NFL draft 2020’s best available players in second round: Grant Delpit, Laviska Shenault among top options on board
There's still first-round talent awaiting teams on Day 2 of the 2020 NFL draft.
Thursday featured a number of the marquee players being selected, including the top 16 from USA TODAY Sports' pre-draft rankings. But 23 of the top 50 still remain.
Here's our pre-draft assessment of all of them, with their rankings in parentheses
Grant Delpit, S, LSU (17): Even though tackling troubles likely contributed to him not landing in the first round, Delpit is built to frustrate modern passing attacks with his ball-hawking tendencies and prompt recognition.
Josh Jones, OT, Houston (19): The former basketball standout is a fluid mover at 6-5 and 319 pounds, portending a promising future as a fixture at left tackle if he can become a more refined blocker.
Trevon Diggs, CB, Alabama (20): Smothering receivers at the line of scrimmage is second-nature to the brother of Bills wide receiver Stefon Diggs, though he might need to be placed in a scheme that emphasizes his length and playmaking ability and obscures his change-of-direction shortcomings.
Laviska Shenault Jr., WR, Colorado (23): A bully with the ball in his hands, Shenault still has work to do as a route runner to threaten defenses down the field instead of merely at the line of scrimmage.
Zack Baun, LB, Wisconsin (25): While lacking the desired size for an edge rusher, Baun can become a mainstay in opponents' backfields by exploding upfield and employing his impressive finishing touch.
D'Andre Swift, RB, Georgia (26): Instinctive and evasive both as a runner and receiver, Swift is a three-down threat who poses a serious problem for any defender trying to bring him down in the open field.
Ashtyn Davis, S, California (27): A December groin surgery might push Davis down some draft boards, but he has unmatched range among this year's safety class thanks to his elite speed, quickness and ball skills.
Denzel Mims, WR, Baylor (29): At 6-3 and 207 pounds with 4.38-second speed in the 40-yard dash and a knack for hauling in circus catches, Mims has the makings of a No. 1 receiver — if he can polish his route-running and cut down on drops.
Xavier McKinney, S, Alabama (30): Do-it-all defenders are in demand, and McKinney's comfort in taking on a range of assignments in coverage and against the run make him a valuable piece.
Jaylon Johnson, CB, Utah (31): Physical to a fault, Johnson concedes nothing to receivers at the line of scrimmage and can be a vexing presence in a man-heavy secondary, so long as he exhibits better discipline.
Michael Pittman, WR, USC (32): Though not as dynamic as some of his pass-catching peers, the 6-4, 223-pound Pittman projects as a reliable target who can thrive working the underneath and intermediate areas of the field.
Kristian Fulton, CB, LSU (33): Already a veteran of press coverage who has been battle-tested against a rash of top-notch receivers, Fulton stays collected in his assignments despite recovery speed issues that could pose a bigger problem at the next level.
A.J. Epenesa, DE, Iowa (34): Somewhat of an anachronism as an oversized edge rusher, Epenesa still can somewhat compensate for his subpar burst with power, length and fluidity, giving him a relatively high floor.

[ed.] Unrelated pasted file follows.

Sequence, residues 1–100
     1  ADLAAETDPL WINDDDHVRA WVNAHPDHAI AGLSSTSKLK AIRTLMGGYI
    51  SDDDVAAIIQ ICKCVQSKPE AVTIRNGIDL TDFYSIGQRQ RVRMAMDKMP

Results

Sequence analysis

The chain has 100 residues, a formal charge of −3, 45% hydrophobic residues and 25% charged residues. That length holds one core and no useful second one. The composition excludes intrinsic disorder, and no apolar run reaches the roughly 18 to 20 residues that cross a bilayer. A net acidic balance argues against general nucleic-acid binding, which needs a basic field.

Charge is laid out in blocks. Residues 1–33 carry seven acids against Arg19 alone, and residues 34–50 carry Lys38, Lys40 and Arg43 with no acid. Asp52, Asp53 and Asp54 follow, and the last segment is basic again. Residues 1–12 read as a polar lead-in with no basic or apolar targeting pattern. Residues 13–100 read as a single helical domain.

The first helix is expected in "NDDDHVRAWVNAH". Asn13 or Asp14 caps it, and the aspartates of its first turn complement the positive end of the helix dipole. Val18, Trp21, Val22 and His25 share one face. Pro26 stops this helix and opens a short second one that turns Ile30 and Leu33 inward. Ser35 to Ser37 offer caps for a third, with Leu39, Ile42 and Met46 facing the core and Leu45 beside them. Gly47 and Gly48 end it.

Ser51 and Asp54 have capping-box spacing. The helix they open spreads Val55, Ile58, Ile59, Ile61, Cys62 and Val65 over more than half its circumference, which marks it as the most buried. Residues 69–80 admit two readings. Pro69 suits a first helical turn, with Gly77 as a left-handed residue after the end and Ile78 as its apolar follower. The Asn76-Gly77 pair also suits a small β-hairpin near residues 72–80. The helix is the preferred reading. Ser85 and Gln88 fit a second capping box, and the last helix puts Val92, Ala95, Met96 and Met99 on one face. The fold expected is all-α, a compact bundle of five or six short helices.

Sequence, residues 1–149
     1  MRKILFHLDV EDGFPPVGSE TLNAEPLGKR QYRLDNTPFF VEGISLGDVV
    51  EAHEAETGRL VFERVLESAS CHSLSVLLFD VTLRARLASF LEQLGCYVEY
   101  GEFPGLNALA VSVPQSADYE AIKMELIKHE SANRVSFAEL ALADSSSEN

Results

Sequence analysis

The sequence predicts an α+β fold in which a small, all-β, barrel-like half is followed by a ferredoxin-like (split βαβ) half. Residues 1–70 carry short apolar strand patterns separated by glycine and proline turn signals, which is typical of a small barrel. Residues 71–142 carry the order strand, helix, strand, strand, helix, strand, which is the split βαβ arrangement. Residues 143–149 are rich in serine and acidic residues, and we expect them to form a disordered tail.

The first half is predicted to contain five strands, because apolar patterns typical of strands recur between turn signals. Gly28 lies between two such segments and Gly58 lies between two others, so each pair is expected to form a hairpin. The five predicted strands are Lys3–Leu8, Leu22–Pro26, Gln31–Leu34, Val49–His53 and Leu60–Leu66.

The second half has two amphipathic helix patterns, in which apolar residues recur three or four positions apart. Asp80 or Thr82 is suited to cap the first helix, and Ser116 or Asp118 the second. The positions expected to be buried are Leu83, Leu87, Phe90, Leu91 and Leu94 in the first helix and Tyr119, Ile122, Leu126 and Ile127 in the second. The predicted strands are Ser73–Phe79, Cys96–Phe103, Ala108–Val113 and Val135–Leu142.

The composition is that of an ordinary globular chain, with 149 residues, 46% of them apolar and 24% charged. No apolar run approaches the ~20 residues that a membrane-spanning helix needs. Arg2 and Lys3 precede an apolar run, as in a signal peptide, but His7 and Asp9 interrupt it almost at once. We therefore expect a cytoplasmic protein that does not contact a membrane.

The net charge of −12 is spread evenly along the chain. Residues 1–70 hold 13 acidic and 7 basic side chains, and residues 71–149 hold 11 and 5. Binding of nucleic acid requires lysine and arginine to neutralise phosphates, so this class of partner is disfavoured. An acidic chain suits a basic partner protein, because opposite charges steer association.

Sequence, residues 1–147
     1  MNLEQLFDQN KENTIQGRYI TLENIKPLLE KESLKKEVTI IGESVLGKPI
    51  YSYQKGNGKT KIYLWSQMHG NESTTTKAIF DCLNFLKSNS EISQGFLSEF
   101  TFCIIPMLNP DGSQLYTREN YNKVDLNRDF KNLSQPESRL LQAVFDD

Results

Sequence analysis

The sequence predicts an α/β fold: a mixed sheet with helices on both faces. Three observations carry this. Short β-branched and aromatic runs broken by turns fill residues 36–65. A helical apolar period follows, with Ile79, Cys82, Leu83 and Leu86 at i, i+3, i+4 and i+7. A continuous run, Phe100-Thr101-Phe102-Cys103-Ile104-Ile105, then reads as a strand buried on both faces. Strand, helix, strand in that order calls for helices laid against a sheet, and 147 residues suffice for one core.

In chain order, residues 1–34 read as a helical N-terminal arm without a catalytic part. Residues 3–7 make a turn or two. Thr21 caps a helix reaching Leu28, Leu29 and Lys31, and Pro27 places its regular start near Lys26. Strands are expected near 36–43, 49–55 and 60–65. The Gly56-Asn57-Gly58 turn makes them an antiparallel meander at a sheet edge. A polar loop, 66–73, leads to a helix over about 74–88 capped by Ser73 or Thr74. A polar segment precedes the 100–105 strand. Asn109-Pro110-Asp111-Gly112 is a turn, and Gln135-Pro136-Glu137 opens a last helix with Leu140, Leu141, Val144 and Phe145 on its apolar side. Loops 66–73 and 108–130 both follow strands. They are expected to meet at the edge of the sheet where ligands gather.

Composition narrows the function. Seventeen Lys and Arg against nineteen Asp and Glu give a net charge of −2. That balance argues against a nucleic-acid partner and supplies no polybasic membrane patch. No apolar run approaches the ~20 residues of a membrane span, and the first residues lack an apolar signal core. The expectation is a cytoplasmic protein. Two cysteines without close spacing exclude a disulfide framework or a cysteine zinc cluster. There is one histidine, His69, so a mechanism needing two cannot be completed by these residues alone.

KJ Hamler, WR, Penn State (35): Soon to be among the NFL's slight receivers at 5-9 and 178 pounds, Hamler will make his mark as a deep-threat dynamo and slot target who can rack up yards after the catch, so long as he's not beset by the drops that plagued his college career.
Yetur Matos-Gross, DE, Penn State (40): Able to work back inside more comfortably than many other college pass rushers, Matos-Gross now must show he can create pressure with consistency after a hit-or-miss career with the Nittany Lions.
Terrell Lewis, DE/OLB, Alabama (43): His injury history is concerning after missing nearly two full years, but Lewis' length and explosiveness are imposing.
Ross Blacklock, DT, TCU (44): A tornado on the interior, Blacklock is at times an all-or-nothing player who will either set a play off course or be washed out when a blocker locks onto him.
Antoine Winfield Jr., S, Minnesota (45): Size and injury history aside, the son of the former Vikings great handles all the important tasks for a safety by diagnosing plays from up high and rallying to the ball.
Tee Higgins, WR, Clemson (46): Deep speed questions have hounded him since he sat out the 40-yard dash at the combine, but he shouldn't have trouble establishing himself as a jump-ball and red-zone weapon.
Jonathan Taylor, RB, Wisconsin (47): His body of work is that of a bell-cow back who possesses the speed to break off long gains, leaving the biggest questions about his ball-security issues and uneven pass-catching efforts.
Jordan Elliott, DT, Missouri (48): In a class rife with promising Day 2 defensive tackle prospects, Elliott is an attractive option, with the ability to be both slippery and powerful when taking on linemen.
J.K. Dobbins, RB, Ohio State (49): As Dobbins' career continued, his patient, well-rounded running style became easier to appreciate.
Terrell Burgess, S, Utah (50): Man coverage skills are his calling card, and there's no shortage of teams who would benefit from someone who can match up with receivers from the slot.
Follow Michael Middlehurst-Schwartz on Twitter @MikeMSchwartz.
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